PRESSURE HEAD by JL Merrow
Pressure Head by JL Merrow
Reviewed by Cassie
Tom Paretski isn’t just your average, run-of-the-mill plumber. He’s got a talent for finding hidden things—especially bodies. Because of his talent, the local police call him when they need help. When a friend on the force asks him to help the police find the body of a missing girl, Tom agrees. He doesn’t expect that Phil Morrison, his former high school bully / crush, to turn up at the scene in his capacity as a private investigator, hired by the missing girl’s family. Since Phil was partially responsible for the accident that left Tom with a permanent limp, Tom’s less than pleased to see him.
To his surprise, Phil is openly gay, and seems to be attracted to Tom. Tom’s own interest in Phil isn’t as dead as he thought. As they work together to investigate an increasingly difficult case, things between Tom and Phil heat up. Does Phil really want Tom, or is his interest motivated by something else?
Pressure Head is an unusual tale of what happens when the past and present collide. Tom is going about his business, working, helping the police, and spending time with friends. He’s matter-of-fact about his job, his life, and his talent. He doesn’t like searching for dead bodies, but he knows he’s the best person for the job with his strange ability. He makes a good narrator, in part because in spite of his talent he’s basically a regular guy, snarky, funny, and loyal to his friends. He doesn’t dwell on his high school days, even though they left him scarred emotionally and physically. Then Phil shows up at his latest body retrieval, and Tom’s thrown into a bit of a tailspin. Lingering anger and resentment come out, as well as the latent attraction he thought he was over.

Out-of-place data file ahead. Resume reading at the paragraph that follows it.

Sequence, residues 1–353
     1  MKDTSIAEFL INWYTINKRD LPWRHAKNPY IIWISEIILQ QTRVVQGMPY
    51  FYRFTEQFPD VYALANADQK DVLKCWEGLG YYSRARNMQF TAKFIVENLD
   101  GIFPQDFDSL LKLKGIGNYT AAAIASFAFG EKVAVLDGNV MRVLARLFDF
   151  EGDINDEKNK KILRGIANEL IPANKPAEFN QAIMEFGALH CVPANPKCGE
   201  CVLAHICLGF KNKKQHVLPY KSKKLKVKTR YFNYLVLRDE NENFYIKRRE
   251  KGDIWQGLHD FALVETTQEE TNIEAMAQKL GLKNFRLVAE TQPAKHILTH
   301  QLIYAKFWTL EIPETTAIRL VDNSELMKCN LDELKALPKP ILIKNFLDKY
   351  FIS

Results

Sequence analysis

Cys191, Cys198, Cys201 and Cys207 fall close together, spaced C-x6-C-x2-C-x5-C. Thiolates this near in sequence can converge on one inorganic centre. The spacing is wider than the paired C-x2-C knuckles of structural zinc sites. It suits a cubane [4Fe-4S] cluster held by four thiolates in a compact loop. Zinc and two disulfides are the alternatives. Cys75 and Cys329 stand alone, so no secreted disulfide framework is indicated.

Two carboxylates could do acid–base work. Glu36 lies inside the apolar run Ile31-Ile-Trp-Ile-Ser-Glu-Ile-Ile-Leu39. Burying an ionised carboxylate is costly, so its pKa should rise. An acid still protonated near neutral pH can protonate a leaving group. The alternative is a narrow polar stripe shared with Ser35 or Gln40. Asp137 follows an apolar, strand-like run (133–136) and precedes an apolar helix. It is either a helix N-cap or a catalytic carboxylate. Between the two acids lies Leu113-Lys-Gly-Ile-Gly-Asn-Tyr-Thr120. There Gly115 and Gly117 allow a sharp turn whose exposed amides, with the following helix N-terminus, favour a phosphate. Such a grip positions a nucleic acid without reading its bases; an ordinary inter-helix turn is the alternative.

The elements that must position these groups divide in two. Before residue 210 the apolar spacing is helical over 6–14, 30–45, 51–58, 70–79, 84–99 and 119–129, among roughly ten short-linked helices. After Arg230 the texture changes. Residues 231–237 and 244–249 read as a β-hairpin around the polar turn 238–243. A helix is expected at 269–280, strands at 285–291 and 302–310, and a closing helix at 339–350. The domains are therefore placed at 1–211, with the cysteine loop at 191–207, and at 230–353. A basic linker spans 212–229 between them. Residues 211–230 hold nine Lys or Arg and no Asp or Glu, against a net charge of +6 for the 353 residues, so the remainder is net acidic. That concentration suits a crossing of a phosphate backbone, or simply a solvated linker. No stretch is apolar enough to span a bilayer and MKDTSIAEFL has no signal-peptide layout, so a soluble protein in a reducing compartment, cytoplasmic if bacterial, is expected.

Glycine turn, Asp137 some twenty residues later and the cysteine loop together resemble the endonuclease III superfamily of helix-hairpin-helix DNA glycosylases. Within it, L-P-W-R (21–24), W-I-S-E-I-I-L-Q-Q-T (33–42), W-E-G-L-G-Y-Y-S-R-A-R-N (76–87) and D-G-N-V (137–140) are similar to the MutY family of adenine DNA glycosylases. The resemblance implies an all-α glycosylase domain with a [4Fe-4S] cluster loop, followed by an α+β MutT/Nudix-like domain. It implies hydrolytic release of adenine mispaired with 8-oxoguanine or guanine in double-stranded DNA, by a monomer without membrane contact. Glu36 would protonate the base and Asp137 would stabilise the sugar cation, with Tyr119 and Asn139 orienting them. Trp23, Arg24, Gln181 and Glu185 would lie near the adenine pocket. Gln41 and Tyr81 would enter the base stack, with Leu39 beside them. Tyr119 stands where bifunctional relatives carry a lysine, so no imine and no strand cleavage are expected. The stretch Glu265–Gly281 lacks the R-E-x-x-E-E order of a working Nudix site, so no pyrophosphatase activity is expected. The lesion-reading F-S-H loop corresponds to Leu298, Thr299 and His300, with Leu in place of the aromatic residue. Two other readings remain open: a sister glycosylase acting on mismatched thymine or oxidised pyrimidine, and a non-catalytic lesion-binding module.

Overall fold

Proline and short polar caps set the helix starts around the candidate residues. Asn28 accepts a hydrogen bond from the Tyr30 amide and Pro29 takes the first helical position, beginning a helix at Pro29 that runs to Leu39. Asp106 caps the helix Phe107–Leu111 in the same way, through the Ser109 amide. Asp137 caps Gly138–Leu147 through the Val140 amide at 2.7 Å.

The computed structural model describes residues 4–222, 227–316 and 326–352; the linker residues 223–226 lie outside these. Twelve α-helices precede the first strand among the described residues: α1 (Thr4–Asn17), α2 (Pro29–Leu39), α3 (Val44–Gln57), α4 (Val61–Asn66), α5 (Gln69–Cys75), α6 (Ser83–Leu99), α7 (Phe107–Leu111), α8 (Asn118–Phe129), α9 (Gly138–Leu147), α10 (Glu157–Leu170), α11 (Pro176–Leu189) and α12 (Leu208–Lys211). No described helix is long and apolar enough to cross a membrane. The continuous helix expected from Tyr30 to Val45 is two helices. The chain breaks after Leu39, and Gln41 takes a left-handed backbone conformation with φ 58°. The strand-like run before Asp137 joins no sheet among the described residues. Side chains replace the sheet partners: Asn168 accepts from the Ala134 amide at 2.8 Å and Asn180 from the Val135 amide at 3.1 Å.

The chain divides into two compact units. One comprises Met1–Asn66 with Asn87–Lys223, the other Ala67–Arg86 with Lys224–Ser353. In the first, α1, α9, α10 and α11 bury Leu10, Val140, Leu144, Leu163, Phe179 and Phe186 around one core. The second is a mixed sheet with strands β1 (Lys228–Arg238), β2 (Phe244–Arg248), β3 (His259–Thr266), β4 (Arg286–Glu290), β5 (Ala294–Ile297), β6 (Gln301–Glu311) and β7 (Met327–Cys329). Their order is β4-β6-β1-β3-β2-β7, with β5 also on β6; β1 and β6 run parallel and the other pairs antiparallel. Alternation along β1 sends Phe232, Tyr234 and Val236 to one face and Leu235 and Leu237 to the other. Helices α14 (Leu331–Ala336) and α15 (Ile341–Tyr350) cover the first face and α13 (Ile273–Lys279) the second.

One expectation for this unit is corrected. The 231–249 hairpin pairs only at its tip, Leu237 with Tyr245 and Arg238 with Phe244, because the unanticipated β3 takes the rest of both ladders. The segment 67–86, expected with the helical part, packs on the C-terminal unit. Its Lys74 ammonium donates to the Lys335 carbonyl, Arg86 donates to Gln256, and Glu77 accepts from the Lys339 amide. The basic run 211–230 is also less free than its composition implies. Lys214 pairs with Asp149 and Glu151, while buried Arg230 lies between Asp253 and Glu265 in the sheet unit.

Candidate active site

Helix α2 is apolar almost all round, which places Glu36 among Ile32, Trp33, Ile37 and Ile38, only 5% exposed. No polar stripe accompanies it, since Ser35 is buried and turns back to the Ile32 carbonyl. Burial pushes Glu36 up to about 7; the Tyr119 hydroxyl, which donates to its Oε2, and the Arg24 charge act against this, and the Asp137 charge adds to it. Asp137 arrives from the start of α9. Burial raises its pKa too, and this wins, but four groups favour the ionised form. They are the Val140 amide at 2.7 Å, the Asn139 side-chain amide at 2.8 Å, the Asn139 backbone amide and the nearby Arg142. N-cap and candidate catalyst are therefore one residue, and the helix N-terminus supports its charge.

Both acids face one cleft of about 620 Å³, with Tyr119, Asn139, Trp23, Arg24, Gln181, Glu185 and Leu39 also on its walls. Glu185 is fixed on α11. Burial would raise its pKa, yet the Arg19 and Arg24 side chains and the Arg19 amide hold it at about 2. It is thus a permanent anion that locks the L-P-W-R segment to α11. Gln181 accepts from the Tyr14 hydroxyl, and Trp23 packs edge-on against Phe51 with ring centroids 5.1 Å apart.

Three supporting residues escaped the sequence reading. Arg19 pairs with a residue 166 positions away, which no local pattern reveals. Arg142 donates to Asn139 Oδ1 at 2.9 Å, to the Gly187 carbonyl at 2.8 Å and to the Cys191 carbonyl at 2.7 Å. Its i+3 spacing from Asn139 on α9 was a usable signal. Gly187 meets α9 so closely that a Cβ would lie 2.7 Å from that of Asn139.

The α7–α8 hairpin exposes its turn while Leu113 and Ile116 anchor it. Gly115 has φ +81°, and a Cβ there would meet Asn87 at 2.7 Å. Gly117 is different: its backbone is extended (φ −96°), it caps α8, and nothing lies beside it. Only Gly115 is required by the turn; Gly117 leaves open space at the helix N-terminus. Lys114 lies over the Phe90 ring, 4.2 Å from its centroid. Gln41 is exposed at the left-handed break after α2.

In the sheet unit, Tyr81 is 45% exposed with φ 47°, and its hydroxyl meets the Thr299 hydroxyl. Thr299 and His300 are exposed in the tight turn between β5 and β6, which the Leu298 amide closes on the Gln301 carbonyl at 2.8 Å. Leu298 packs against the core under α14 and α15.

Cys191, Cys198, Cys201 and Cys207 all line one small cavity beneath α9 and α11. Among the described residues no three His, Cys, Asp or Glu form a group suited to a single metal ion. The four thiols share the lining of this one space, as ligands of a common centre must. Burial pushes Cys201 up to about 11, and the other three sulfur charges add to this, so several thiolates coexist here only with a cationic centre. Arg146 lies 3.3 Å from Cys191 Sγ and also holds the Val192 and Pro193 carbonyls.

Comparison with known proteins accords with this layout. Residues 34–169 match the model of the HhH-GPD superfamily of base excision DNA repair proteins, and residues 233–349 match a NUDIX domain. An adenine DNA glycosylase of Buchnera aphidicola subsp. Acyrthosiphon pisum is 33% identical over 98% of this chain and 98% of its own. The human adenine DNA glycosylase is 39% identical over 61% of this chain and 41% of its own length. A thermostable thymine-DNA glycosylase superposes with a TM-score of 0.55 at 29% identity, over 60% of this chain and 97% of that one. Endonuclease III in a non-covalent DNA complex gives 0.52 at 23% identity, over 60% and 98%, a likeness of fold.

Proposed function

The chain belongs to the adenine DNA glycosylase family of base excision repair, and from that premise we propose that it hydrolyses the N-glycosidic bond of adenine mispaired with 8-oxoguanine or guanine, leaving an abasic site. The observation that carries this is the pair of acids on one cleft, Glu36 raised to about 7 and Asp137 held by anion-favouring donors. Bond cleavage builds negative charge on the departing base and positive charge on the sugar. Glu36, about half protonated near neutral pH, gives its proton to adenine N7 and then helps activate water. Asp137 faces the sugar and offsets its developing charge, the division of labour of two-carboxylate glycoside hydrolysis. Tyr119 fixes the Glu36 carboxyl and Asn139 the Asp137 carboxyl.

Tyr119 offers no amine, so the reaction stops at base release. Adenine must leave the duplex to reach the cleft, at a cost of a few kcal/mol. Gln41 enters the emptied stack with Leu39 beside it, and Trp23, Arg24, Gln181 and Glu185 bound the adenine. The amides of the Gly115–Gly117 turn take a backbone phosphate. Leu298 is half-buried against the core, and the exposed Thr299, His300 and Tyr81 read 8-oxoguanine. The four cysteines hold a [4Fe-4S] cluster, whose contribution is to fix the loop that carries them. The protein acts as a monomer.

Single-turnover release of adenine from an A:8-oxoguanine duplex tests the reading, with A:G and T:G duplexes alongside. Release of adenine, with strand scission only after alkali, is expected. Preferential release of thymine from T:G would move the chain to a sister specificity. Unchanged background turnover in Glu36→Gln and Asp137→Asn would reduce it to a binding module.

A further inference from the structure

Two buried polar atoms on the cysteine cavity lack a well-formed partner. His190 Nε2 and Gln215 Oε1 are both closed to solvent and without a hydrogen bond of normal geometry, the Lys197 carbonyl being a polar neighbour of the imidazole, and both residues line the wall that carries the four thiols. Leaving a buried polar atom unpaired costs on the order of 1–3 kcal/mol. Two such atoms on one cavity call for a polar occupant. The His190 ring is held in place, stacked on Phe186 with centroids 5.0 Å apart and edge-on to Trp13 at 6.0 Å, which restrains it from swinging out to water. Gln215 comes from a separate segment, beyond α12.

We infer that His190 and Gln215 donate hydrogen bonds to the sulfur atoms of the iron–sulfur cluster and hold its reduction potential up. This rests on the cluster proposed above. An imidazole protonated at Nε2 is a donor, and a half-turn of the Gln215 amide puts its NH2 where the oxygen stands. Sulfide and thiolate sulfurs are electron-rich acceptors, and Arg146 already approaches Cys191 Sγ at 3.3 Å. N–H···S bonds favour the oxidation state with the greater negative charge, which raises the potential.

Phil has both changed and stayed the same since high school. He’s still attractive and still snipes at Tom at every turn. He’s also out and gay, and apologetic over his role in Tom’s injury. Phil’s presence, and his hot-and-cold behavior, both confuse and arouse Tom, keeping him off balance. Against the advice of Tom’s detective friend, Tom helps with Phil’s continued work on the case of the young woman’s death. They meet an odd assortment of suspects, and Tom blithely puts himself in danger several times, to Phil’s frustration. An assortment of possible suspects and witnesses populates the book, many with secrets they’d like to keep hidden, keeping Tom and Phil both busy and confused.
Both the mystery and romance angles of Pressure Head held my interest. I really liked Tom and his unique ability. He uses it when he needs to, and feels bad when he uncovers things he shouldn’t have been looking for. He’s a decent guy who’s been through a lot in his life, but doesn’t sit around and whine about it. Phil was a bit harder to get a handle on. Since Tom’s the narrator, Phil’s motives and feelings are a mystery most of the time. Sometimes he’s a real jerk, too, especially when he first ran into Tom. Later I started to like him, especially after reading what sorts of things had shaped his character as an adult. There’s no insta-love here. Both of these guys have issues, and they have to work through them. Not to mention there’s a case to solve!
The plot features a few twists and turns. The secondary characters, including Tom’s friends and the many suspects, were all strange and interesting in their own ways. Neither the mystery nor the romance took over the story too much (although the romance could have taken over a bit more and I wouldn’t have minded a bit). Even better, there isn’t any super-sweet ending, but a hopeful and more realistic one. JL Merrow’s quirky, offbeat characters and storyline turned out to be just what I was in the mood for. I don’t think I’ve read a book by Ms. Merrow that I didn’t like, and Pressure Head turned out to be no exception.